Movie Review: See How They Run

 

[I’m new here, so just to let you know, my reviews do not repeat the story of the film, and they are spoiler free with occasional warnings.]

It’s not every day you get a real farce on the big screen. Lots of films have elements of farce and are quite enjoyable as a consequence. In the last year, I would say “The Unbearable Weight of Massive Talent” and “Free Guy” are two examples of action films that have farcical moments in them. Most Wes Anderson films also feature the concept of a light, humorous play in which the plot depends upon a skillfully exploited situation rather than upon the development of character. “See How They Run” has the advantage of actually being a film about a play, which is eventually revealed to be a sort of play in itself. That is what makes it a true farce as far as I am concerned.

The story concerns a murder that takes place during a negotiation to turn “The Mousetrap” into a movie. Those of you not familiar with the play simply need to know that it is an Agatha Christie murder mystery. It is also the longest-running play in the history of theater, starting in 1952 and still playing on the West End in London to this day. This movie is not a filmed version of the play, but rather a take off on the plot, using “The Mousetrap” as a sort of touchstone or spine for the mayhem. It mocks the machinations of old Hollywood and the manner in which filmmakers try to take material and rework it to their own vision. The real clause in the contract granting rights to a cinematic version states that such a film cannot be made until six months after the play closes in London. See how this is going to work?

Join Jim and Greg as they welcome evidence that Americans are very focused on the border crisis and crime after widespread coverage of GOP governors sending migrants from our overwhelmed border to self-proclaimed sanctuary cities. They also call out the immense media hypocrisy as the national outlets largely ignore a man fatally running over a teenager in North Dakota because he was allegedly part of an “extremist” group. And they rip Stacey Abrams for insisting that there is no fetal heartbeat after six weeks of pregnancy and that ultrasounds are tools used by men for control women’s bodies.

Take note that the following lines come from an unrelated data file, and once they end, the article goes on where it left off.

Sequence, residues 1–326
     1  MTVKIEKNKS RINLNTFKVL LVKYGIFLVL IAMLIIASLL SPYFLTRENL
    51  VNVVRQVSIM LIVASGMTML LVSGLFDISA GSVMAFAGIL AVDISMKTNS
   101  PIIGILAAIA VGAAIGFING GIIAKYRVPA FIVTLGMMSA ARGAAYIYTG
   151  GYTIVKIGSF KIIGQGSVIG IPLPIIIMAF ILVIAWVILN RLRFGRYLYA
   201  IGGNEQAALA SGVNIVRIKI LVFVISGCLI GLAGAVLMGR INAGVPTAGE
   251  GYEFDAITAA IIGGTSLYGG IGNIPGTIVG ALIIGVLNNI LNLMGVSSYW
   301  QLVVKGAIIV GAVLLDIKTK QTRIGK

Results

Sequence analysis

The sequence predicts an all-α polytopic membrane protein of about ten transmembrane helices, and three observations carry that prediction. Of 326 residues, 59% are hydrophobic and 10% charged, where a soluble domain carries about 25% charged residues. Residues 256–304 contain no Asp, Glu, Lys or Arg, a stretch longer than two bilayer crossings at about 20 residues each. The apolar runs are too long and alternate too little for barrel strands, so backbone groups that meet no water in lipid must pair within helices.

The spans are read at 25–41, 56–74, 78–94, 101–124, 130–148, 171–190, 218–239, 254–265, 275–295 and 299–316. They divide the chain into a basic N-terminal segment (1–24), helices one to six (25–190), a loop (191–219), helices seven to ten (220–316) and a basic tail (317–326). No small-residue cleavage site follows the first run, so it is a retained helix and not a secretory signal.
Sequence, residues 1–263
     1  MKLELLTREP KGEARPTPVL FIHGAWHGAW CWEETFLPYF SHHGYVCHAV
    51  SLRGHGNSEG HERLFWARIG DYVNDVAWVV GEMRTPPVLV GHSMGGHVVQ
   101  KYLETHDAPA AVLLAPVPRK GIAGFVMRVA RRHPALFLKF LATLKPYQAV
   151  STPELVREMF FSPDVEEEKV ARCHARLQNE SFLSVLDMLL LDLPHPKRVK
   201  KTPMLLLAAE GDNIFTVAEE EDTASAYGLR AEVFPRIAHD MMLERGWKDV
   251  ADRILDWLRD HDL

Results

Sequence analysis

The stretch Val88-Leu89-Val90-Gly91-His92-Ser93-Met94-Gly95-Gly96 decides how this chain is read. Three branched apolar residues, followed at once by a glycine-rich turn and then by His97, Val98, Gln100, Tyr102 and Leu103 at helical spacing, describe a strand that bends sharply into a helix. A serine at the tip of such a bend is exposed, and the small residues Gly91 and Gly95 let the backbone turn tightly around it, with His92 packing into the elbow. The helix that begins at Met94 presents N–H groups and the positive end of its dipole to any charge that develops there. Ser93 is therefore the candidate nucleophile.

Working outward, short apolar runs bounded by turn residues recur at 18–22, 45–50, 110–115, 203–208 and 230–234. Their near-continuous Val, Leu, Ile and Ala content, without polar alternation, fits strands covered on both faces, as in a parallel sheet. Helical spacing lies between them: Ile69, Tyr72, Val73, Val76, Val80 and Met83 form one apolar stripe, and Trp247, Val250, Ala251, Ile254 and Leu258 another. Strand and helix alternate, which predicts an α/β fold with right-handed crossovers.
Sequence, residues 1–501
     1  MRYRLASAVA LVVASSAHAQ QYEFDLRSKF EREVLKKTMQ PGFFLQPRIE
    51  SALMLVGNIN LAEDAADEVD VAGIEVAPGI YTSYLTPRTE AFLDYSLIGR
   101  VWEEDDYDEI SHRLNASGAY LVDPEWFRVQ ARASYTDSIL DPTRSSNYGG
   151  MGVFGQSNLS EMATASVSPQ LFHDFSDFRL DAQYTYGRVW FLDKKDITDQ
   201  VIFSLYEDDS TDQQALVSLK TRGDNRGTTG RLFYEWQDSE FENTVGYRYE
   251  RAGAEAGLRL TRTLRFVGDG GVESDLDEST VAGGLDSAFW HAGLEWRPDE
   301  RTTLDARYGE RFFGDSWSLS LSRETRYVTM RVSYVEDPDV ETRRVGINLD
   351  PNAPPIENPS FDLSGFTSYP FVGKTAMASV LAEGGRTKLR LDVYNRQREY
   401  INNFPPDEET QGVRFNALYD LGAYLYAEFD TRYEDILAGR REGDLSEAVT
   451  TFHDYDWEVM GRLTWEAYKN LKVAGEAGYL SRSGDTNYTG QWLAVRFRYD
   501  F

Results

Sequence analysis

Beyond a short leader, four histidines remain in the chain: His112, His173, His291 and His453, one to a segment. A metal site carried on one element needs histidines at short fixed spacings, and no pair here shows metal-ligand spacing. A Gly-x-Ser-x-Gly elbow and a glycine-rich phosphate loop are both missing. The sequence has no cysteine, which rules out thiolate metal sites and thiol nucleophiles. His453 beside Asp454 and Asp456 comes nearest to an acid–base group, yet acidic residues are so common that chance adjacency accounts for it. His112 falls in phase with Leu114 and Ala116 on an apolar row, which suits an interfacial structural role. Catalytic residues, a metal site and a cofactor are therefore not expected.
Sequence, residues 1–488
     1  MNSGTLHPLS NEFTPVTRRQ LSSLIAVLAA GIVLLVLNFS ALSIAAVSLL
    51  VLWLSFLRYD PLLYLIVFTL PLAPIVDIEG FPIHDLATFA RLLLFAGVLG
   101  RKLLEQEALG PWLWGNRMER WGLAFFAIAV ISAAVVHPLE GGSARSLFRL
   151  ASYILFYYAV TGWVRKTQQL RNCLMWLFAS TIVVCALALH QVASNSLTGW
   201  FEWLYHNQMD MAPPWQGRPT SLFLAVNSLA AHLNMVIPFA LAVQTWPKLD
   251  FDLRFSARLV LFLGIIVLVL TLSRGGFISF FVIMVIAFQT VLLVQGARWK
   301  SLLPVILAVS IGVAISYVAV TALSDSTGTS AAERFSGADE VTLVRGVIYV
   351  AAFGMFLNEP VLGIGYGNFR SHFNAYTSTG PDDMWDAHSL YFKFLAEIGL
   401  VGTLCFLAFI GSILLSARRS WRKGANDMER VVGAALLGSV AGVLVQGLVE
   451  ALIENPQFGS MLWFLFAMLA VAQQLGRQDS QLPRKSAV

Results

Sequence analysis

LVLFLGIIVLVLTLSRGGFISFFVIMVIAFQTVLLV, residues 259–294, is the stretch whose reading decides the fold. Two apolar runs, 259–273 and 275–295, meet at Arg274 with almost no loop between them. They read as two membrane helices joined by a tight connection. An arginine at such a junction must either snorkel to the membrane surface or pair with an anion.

Our guest on this episode is Harrison Rogers, a serial entrepreneur and investor who is passionate about turning ideas into lucrative ventures. Rogers found another passion after having turned around a few distressed companies and returning them to very healthy and profitable positions. Moving forward Harrison is just as excited and passionate about investing in and helping distressed companies as he is investing in and starting new ventures.

This podcast is brought to you by America’s Future. We offer rising generations opportunities for networking, mentoring, leadership and community engagement through our national network and extensive array of programming.

Join Jim and Greg as they welcome the House GOP decision to put an agenda before the voters this year on the biggest issues where the Democrats have failed. They also discuss a former vice president from the EcoHealth Alliance stating under oath that COVID was a result of gain of function research in Wuhan funded in part by the National Institutes of Health. And they wince as Vladimir Putin orders 300,000 reservists to fight against Ukraine, while noting that these new soldiers are probably far less competent than the ones that have already failed.

This week on “The Learning Curve,” Cara Candal and Gerard Robinson talk with Dr. Niall Ferguson, the Milbank Family Senior Fellow at the Hoover Institution, Stanford University, and a senior faculty fellow of the Belfer Center for Science and International Affairs at Harvard. He is the author of 16 books, including Doom: The Politics of Catastrophe. Dr. Ferguson comments publicly for the first time on the recent passing of Queen Elizabeth II, the longest-reigning British monarch, and how we should teach about Britain’s wide impact – positive and negative – on the world in her era and over the last several hundred years, from the Magna Carta to Winston Churchill. Dr. Ferguson shares findings from his most recent book, which charts the history of disasters, from the 1346–1353 Black Death to COVID; whether our handling of these catastrophes – from both public health and economic standpoints – has improved; and how we can learn from mistakes to better prepare for the future. He describes the kind of education he imparts to his own children to help ensure they have the wisdom and resilience to live in a turbulent world. The interview concludes with Dr. Ferguson reading from his latest book.

Stories of the Week: Are schools of education helping future teachers develop content expertise, or are they too focused on pedagogy and ideology? In Philadelphia, the Martin Luther King High School is the city’s first school with Black faculty for all core freshmen subjects, a step forward in the effort to ensure students can benefit from diverse role models.

Quote of the Day: Tapping into Our Own Wisdom